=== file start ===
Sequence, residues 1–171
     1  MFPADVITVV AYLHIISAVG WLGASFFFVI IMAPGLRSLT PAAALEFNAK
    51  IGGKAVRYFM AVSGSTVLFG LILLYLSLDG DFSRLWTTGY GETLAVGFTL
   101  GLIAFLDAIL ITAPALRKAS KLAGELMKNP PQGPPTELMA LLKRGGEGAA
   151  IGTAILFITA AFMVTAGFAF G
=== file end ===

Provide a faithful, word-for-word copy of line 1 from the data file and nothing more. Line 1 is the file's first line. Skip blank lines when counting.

Sequence, residues 1–171